15 Juli 2014

Thales Develops New Missile for UAVs

15 Juli 2014


Thales Lightweight Multirole Missile (photo : Thales)

Thales has introduced a freefall variant of its precision-guided Lightweight Multirole Missile (LMM) suited for integration on a wide range of unmanned air vehicles (UAVs).

The company partnered with Textron Systems around 18 months ago to perform integration of the 6kg munition on-board an undisclosed UAV, which the partnership is now ready to bring to market.

A 70cm- (27.5in) long, 7.6cm-wide munition with a 2kg (4.4lb) warhead that provides a precision strike – including against armoured vehicles – it utilises an inertial navigation system with optional GPS as well as semi-active laser guidance.

In June it was announced that Thales would provide the standard configuration of LMM for the UK Royal Navy’s AgustaWestland Wildcat attack helicopters under the Future Anti-Surface Guided Weapons Light (FASGW-L) programme. The LMM will provide a light missile for the navy to use against small boats, fast attack craft and other small targets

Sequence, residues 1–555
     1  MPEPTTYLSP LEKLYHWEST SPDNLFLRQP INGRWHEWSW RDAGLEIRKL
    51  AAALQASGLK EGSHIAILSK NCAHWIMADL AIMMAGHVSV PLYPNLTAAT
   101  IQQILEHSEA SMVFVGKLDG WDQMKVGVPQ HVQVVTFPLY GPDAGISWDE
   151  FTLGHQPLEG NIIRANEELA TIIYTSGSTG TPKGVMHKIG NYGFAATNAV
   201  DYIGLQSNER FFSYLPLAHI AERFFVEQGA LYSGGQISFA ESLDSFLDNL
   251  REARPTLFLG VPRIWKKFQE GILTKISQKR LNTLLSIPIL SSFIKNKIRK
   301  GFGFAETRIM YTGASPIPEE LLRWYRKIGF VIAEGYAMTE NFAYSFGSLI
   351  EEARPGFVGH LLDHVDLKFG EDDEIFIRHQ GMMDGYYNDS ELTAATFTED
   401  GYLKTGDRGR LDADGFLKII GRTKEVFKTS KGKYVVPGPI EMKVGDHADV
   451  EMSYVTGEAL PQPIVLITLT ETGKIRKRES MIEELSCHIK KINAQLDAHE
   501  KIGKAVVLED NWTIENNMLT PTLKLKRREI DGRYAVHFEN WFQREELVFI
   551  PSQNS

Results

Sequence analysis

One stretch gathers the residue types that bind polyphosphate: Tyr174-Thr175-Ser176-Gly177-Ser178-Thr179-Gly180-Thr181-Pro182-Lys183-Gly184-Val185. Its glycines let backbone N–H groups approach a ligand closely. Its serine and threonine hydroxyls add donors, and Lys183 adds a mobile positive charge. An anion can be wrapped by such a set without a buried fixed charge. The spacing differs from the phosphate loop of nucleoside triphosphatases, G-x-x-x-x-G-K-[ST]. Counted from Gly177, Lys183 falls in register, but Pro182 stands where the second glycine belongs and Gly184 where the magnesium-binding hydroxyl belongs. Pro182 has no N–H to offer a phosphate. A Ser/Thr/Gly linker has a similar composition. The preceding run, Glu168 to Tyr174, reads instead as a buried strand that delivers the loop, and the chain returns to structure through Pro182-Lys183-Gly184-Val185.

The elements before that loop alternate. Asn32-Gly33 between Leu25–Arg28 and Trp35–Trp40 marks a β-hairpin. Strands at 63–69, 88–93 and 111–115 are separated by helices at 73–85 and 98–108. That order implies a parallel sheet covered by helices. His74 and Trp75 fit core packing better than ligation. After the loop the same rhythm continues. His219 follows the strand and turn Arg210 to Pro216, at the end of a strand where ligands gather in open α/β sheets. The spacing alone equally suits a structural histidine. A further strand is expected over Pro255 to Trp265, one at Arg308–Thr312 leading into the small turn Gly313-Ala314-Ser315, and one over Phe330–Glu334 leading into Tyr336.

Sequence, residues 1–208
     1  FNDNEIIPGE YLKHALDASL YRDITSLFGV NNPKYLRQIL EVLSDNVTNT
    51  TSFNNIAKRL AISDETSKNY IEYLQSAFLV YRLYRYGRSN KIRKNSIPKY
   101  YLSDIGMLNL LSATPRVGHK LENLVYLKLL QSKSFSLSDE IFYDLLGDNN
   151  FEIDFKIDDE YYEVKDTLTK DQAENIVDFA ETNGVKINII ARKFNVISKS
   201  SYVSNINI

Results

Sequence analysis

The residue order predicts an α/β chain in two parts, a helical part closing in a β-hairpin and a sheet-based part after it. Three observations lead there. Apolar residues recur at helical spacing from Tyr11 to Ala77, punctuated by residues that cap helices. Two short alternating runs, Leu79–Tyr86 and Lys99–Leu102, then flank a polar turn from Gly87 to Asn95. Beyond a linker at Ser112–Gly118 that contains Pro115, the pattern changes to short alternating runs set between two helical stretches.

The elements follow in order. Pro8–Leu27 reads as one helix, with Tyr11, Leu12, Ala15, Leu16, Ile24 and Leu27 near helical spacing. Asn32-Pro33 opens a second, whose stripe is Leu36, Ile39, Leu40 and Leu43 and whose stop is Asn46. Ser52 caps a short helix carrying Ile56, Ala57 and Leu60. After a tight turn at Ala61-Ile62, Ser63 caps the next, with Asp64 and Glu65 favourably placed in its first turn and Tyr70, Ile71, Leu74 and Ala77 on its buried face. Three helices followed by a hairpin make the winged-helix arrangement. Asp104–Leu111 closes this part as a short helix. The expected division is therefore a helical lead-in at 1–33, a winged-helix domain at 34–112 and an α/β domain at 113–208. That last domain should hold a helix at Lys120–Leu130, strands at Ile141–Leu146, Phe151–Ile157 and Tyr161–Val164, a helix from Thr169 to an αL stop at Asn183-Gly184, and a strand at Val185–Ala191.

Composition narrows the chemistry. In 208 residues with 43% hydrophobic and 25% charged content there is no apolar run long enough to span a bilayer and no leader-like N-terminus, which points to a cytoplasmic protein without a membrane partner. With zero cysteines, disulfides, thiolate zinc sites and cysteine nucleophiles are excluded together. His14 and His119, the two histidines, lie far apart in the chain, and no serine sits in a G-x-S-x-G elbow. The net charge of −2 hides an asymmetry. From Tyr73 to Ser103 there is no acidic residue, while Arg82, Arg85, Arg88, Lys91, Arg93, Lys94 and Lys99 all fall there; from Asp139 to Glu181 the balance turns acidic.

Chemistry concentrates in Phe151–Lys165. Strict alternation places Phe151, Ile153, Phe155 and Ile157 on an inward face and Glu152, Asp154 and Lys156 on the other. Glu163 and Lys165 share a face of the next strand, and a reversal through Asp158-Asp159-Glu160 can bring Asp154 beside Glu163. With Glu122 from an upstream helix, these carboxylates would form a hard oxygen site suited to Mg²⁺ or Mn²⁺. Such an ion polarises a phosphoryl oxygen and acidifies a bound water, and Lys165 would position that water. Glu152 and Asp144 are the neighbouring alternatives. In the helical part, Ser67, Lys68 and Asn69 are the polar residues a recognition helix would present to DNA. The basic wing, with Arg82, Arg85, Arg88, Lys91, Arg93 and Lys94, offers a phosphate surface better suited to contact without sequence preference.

“We’re launching this off the back of that good news,” Ricky Adair, sales and marketing director at Thales UK, tells Flight Daily News. “There is a gap in the market…and there is a requirement to prosecute and engage when required.”

Adair says that UAVs have proven their worth as intelligence, surveillance and reconnaissance assets, but operators are looking at increasing the capability of those aircraft – especially considering the cost of close air support using manned aircraft.

“We have been working tirelessly to prove this capability,” Adair says.

The company says it is platform neutral, with the UAV's payload the only factor. “We’re looking at creative ways to integrate innovatively to put more of these on-board [UAVs],” he says.

Thales will be able to deliver the freefall LMM in 12 months of receiving an order, and testing for potential customers is due to take place soon.

Textron manufactures UAVs including the RQ-7 Shadow in operation with the US Army and US Marine Corps, and the Aerosonde - designated XMQ-19A in US service.

(FlightGlobal)

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